wrong to expect moderate tendencies to grow from
detente. Paradoxically, as the Soviet Union has eased its
tensions with the West, it has tightened its controls
over society. Although some say that President
Carter's moves to punish the Kremlin for its actions in
Afghanistan will only provoke reaction within Russia,
the history of the Brezhnev administration shows that
right-wing elements in the Politburo already have held
the upper hand throughout the last decade. Even before
Afghanistan and the exile of Sakharov, the banishment
of Solzhenitsyn, the closing of the Chronicle of Current Events, andthe arrests of Scharansky and Orlov indicated that the regime was not about to allow Western influence to get out of hand in Moscow. The Politburo's autumn decree ordering school-age children out of the city for the summer further displayed the assumption of the Soviet leaders that they can cope with the implicit dangers of the Olympics.

My contact with Russian friends last year convinced me of the flawed logic behind our faith in the liberalization of Soviet society. In Moscow the only result of increased exposure to the West was height- ened cynicism toward the Soviet system. Sure, many Russians now wear bluejeans and listen to weak versions of Western rock'n'roll. But they also happily adjust their superficial W estern lifestyles to the demands of being loyal Komsomol or party members. When I asked them about the dangers of holding the Olympics in Moscow, they scoffed at the idea that the Soviet police could not cope with the flood of tourists. "They'll just hire that many more agents. Whatever is needed to keep things under control, they'll do it."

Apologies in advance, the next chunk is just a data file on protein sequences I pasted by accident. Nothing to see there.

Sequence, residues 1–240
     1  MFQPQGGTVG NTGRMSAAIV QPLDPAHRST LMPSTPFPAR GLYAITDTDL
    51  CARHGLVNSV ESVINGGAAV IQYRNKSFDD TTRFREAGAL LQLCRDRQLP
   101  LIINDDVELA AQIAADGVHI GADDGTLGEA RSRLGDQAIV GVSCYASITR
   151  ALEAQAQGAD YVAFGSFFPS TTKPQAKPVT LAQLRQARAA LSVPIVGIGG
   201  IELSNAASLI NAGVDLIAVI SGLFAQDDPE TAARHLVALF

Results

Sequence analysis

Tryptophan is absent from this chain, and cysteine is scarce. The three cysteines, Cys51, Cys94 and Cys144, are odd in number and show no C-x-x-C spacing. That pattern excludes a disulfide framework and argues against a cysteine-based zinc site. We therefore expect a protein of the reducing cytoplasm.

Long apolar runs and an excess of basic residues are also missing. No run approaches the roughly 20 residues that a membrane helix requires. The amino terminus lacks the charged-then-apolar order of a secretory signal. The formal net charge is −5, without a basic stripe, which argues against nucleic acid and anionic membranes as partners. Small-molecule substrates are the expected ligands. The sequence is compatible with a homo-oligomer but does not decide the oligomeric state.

All this was clear before the December events in Afghanistan. Now the question is how to make the Politburo pay for its aggression. Besides the obvious damage a boycott would cause the Kremlin—the blow to the prestige of the regime and the tremendous loss of expected hard currency from tourism—there is another, more complicated reason why the Politburo stands to suffer damage from the Olympics boycott: the existing economic squeeze on Russian families, a squeeze that has been tightened recently because of preparation for the summer games.

The years of detente, certainly a time of increased contact with Western culture and ideas, also represented a period of rising expectations for Soviet consumers. Though Soviet living standards still lag far behind American standards, the 1970s were years of material progress. Cars now crowd Moscow's streets, electronic calculators can be seen in Soviet offices, and a greater variety of clothes and appliances can be found in Soviet stores. Yet despite all these improvements, Soviet consumers always have had to survive in a “deficit” (defitsitnoe) economy. Shortages and inefficiency have always marked the Soviet consumer system, but the years of preparation for the Olympics have made things worse.